Florida’s Senator Marco Rubio issued a sharp rebuke Wednesday afternoon to President Barack Obama’s decision to negotiate a prisoner swap with Cuba and restore diplomatic relations with the communist regime.

Rubio, the son of Cuban immigrants who left the island just before the Castro revolution in 1959, said while he’s glad imprisoned American Alan Gross is now free, he believes the U.S. brokered a bad deal with Cuba, should not have negotiated a prisoner swap with the dictatorial regime, and should have demanded more concessions.

“This president is the single worst negotiator we have had in the White House in my lifetime, who has basically given the Cuban government everything it asks for and receive no assurances of any advances in democracy and freedom in return,” Rubio said in a press conference Wednesday.

He said he would “make every effort” to use his role as chairman of the Senate Foreign Relations subcommittee in the new Congress to block Obama’s actions regarding Cuba.

“Appeasing the Castro brothers will only cause other tyrants from Caracas to Tehran to Pyongyang to see that they can take advantage of President Obama’s naiveté during his final two years in office,” he said in a statement. “As a result, America will be less safe as a result of the President’s change in policy.”

President Obama said the U.S. agreed to release three Cuban spies in exchange for a U.S. intelligence asset who has been imprisoned for nearly 20 years for spying on Cuba. He said Gross, an aid worker who had been imprisoned for five years, was released separately by President Raul Castro under “humanitarian grounds.” The deal came about in secret meetings between US and Cuban officials held in Canada since the spring of 2013, and at the Vatican. Obama also declared the new deal marks the beginning of “a new approach” with relations with Cuba that expands economic and easing travel ties with Cuba while opening up a U.S. embassy in Havana.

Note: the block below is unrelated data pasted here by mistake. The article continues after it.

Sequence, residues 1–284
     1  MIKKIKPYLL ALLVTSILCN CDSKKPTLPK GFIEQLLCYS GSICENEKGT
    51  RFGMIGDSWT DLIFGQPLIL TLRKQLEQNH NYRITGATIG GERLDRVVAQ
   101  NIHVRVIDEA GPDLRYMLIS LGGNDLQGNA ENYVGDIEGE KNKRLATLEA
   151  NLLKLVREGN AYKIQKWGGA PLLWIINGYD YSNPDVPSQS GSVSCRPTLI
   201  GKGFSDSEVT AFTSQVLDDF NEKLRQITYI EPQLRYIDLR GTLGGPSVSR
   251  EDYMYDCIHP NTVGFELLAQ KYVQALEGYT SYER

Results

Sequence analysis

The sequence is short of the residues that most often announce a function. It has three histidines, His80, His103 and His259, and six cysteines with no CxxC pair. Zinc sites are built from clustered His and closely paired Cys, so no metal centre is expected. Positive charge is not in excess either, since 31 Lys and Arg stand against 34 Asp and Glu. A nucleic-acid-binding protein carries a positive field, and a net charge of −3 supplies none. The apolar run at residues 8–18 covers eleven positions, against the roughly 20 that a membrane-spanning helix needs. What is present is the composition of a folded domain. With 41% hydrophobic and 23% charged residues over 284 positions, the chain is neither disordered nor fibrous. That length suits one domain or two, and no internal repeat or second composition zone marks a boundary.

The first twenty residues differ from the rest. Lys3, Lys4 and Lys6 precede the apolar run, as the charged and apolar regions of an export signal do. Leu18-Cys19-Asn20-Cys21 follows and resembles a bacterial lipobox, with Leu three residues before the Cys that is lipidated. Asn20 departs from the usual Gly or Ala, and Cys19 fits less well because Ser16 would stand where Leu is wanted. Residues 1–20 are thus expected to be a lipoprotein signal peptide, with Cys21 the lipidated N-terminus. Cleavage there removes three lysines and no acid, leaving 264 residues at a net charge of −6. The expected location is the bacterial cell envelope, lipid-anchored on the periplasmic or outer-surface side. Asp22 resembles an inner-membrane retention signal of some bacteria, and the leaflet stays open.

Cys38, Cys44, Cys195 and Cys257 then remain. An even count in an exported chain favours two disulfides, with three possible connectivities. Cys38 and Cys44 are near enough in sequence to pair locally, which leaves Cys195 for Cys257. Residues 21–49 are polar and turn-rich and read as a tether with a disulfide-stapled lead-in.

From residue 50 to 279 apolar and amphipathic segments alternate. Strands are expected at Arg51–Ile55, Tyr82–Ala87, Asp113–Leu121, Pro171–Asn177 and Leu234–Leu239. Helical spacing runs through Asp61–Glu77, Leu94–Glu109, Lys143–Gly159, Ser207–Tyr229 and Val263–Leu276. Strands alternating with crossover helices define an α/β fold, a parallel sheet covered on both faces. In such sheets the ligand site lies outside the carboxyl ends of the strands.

“These 50 years have shown that isolation has not worked,” Obama said in his announcement Wednesday.

Rubio said the problem isn’t the economic and travel measures, the problem is the administration should have demanded more in return.

“There is no concessions on freedom of speech, no concessions on elections, no concessions on the freedoms of having alternative political parties, no concessions on ever having elections or anything of that matter,” Rubio said on Fox News.  “What democratic concessions? And this notion that somehow being able to travel more to Cuba, to send more money to Cuba, and sell more consumer products in Cuba, the idea that that is going to lead to some democratic opening is absurd.”

Obama said he remains seriously concerned about human rights violations in Cuba, but he did not believe the current isolation policy was going to change the government’s behavior.   

“I do not believe we can keep doing the same thing for over five decades and expect a different result,” Obama said, adding that he hopes these measures will renew an “honest and serious debate about lifting the embargo” in Congress.

However, Rubio, a powerful Republican in the incoming GOP-majority U.S. Senate, says debate aside, there is no support in the Senate for lifting the Cuban embargo and said the Obama administration has now undermined the purpose of the embargo in the first place.

“I think the embargo is misunderstood. The embargo is not there to punish Cuba or even the Cuban government. The embargo serves as leverage,” explained Rubio, who said the Obama administration. “The embargo can be lifted tomorrow if Cuba opens up democratically, that’s all they have to do for the embargo to be lifted – they have to become a democracy.”

But Republican Senator Jeff Flake of Arizona said Rubio was wrong to view the embargo that way.

“The policy that we have had in place for the past 50 years has done more, in my view, and many view,” he said, “to keep the Castro regime in power than anything we could have done.”